Benzodiazepine Dependence - Cause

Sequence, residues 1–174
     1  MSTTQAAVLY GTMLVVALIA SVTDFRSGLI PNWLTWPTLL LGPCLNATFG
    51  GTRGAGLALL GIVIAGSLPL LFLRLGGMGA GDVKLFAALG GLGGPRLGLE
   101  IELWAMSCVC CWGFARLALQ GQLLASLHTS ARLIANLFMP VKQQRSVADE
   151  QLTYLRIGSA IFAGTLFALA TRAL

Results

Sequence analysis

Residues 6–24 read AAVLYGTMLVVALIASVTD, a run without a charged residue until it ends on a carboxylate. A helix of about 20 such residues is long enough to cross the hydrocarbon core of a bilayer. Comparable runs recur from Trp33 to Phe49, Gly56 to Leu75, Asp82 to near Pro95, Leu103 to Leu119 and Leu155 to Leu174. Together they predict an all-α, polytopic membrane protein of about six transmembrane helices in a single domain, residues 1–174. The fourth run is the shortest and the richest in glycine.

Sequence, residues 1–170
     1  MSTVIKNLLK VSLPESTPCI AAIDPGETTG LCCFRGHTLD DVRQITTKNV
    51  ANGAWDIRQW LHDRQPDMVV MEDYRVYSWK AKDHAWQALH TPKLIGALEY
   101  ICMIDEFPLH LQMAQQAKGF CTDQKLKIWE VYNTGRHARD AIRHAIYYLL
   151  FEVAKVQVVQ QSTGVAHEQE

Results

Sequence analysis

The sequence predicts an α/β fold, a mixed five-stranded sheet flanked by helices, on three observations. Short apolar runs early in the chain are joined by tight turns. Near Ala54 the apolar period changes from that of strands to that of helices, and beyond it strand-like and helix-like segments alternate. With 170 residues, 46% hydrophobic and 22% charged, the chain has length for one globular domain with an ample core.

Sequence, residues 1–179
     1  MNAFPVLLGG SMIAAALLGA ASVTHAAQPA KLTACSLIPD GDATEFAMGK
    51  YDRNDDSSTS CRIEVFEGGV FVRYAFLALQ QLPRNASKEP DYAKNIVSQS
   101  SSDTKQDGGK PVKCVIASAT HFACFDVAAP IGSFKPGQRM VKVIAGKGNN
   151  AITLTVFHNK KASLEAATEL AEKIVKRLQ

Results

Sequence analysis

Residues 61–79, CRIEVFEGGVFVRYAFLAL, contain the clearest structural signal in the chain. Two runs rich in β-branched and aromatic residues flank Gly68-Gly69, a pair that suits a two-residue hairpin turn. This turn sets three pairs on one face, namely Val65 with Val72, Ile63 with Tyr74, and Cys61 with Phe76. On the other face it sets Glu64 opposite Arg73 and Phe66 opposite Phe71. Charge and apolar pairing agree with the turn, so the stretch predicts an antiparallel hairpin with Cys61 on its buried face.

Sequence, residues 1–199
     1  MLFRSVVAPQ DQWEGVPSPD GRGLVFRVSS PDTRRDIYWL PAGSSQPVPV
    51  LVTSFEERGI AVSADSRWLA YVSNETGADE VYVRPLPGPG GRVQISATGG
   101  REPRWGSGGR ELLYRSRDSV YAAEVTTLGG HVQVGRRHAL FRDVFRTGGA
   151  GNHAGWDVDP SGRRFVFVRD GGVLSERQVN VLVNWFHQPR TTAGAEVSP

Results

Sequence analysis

Tolerance occurs to the muscle-relaxant, anticonvulsant, and sleep-inducing effects of benzodiazepines, and upon cessation a benzodiazepine withdrawal syndrome occurs. This can lead to benzodiazepines' being taken for longer than originally intended, as people continue to take the drugs over a long period of time to suppress withdrawal symptoms. Some people abuse benzodiazepines at very high doses and devote a lot of time to doing so, satisfying the diagnostic criteria in DSM IV for substance abuse and dependence. Another group of people include those on low to moderate therapeutic doses of benzodiazepines who do not abuse their benzodiazepines but develop a tolerance and benzodiazepine dependence. A considerable number of individuals using benzodiazepines for insomnia escalate their dosage, sometimes above therapeutically-prescribed dose levels. Tolerance to the anxiolytic effect of benzodiazepines has been clearly demonstrated in rats. In humans, there is little evidence that benzodiazepines retain their anti-anxiety effects beyond four months of continuous treatment; there is evidence that suggests that long-term use of benzodiazepines may actually worsen anxiety, which in turn may lead to dosage escalation, with one study finding 25% of patients escalated their dosage. Some authors, however, consider benzodiazepines to be effective long-term; however, it is more likely that the drugs are acting to prevent rebound anxiety withdrawal effects. Tolerance to the anticonvulsant and muscle-relaxing effects of benzodiazepines occurs within a few weeks in most patients.

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